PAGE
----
For the record, while KU didn’t land Grant, KU signed 6-10 Sean Alvarado from Hutchinson (Kan.) Community College, who actually teamed with Danny Manning on Larry Brown’s championship North squad at the 1985 Olympic Festival. Alvarado averaged 1.6 points per game for KU in 1986-87, and then redshirted the following national championship season. Alvarado closed his KU career in 1988-89 under Roy Williams, averaging 4.5 points and three rebounds in 30 games.
Grant certainly would have made a big impact at Kansas in 1986-87 complementing Manning in the frontcourt, and might have made KU a Final Four team. Big men Alvarado and Mark Pellock were not scorers, so Manning (23.9 points per game) had to carry a heavy load. Small forward Chris Piper only averaged 6.6 points.
However, for that 1988 season, Piper moved to power forward (with Archie Marshall and Milt Newton at small forward) and became an excellent complementary player to Manning. His scoring came down to 5.1 points per game, but he was a defensive standout in the post. If Grant would have have signed with Kansas, Piper likely wouldn’t have seen much time that season. And Piper was the unsung hero on the 1988 team. Former North Carolina coach Dean Smith even said Piper played the best post defense against OU in the national title game that he had ever seen.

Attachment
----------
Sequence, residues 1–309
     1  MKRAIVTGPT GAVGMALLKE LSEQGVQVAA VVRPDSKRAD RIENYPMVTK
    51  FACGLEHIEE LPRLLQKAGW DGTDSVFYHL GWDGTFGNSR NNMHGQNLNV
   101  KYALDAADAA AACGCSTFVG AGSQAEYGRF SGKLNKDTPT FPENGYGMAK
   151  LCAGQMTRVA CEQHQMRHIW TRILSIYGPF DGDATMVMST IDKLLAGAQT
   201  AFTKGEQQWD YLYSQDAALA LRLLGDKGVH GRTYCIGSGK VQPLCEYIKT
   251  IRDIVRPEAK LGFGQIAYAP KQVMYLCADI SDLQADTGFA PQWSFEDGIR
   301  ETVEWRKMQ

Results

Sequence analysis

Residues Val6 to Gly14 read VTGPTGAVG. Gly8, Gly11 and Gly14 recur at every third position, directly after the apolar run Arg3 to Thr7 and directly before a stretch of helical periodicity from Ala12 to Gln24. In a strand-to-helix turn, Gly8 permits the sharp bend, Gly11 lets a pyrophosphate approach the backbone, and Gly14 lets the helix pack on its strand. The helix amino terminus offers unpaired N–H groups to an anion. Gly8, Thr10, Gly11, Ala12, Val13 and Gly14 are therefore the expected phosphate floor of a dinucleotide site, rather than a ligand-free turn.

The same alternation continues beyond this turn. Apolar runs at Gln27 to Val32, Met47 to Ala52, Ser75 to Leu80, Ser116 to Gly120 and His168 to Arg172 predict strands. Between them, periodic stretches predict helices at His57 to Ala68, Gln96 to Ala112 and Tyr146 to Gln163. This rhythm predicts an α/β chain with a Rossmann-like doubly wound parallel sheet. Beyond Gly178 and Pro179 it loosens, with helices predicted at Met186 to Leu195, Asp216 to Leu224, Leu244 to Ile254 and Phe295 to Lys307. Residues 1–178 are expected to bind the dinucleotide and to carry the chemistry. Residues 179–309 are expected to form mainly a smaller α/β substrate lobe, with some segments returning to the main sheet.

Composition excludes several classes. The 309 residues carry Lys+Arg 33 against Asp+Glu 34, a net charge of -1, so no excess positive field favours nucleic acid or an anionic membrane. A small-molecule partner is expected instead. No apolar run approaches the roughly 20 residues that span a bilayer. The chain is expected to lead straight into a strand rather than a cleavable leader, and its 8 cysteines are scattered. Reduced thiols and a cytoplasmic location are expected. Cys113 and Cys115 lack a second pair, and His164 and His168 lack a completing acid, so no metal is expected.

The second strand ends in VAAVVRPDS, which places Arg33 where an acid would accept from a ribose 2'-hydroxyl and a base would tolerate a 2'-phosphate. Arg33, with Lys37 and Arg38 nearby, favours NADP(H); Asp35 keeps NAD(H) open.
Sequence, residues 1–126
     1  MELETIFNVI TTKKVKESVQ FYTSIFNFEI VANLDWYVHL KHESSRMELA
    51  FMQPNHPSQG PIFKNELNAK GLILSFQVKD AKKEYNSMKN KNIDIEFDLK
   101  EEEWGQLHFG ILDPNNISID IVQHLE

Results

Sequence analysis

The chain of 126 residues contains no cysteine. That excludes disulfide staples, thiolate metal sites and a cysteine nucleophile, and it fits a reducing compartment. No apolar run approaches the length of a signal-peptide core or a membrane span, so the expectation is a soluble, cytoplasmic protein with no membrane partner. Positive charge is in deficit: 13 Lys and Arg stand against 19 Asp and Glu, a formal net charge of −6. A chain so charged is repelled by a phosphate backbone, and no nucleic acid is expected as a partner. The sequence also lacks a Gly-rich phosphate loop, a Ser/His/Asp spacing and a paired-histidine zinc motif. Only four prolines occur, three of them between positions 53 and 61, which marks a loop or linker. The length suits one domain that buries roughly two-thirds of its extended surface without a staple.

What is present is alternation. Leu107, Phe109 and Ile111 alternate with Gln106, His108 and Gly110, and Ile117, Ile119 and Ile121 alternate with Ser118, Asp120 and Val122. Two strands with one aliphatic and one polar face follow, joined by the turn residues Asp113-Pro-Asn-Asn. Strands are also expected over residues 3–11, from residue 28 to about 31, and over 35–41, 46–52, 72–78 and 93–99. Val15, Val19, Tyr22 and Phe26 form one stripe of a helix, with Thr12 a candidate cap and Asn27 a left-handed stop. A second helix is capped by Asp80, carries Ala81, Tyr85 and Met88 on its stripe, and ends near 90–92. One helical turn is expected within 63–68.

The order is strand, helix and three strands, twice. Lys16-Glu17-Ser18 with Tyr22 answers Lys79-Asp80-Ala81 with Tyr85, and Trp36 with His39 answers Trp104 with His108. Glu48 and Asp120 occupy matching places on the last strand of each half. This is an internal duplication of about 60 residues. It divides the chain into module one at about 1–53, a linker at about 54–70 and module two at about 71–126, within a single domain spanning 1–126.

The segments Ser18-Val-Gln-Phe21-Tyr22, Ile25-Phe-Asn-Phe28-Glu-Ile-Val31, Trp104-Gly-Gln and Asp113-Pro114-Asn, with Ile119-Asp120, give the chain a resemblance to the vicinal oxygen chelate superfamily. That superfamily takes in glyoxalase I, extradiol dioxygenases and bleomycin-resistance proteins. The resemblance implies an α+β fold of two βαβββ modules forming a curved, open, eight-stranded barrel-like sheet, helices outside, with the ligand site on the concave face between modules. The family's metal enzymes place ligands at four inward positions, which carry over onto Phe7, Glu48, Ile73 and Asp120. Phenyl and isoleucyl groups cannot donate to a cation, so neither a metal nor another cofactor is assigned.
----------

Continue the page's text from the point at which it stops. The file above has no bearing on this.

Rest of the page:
So for his defensive wizardry, great team leadership, and being the ultimate role player, I’d take my former T-Ball teammate Piper over Grant for that one season. Piper, a player who was cut from his eighth grade South Junior High basketball team and was the 12th man on the ninth grade Cougar squad, received one major scholarship offer out of Lawrence High School.
That would be Kansas.
Yes, Jayhawk fans. Sometimes, the unknown recruits become the much needed role players a team so dearly needs to win a national championship. As Manning said, Piper was the “heart and soul” of the 1988 Kansas Jayhawks.
In Part III of this series, we’ll finish with one last recruit from the Brown era and enter the Roy Williams regime, where he came very close to landing a current NBA star and future Hall of Famer. Stay tuned.
Editor's note: If you missed part one of this series, you can find it here.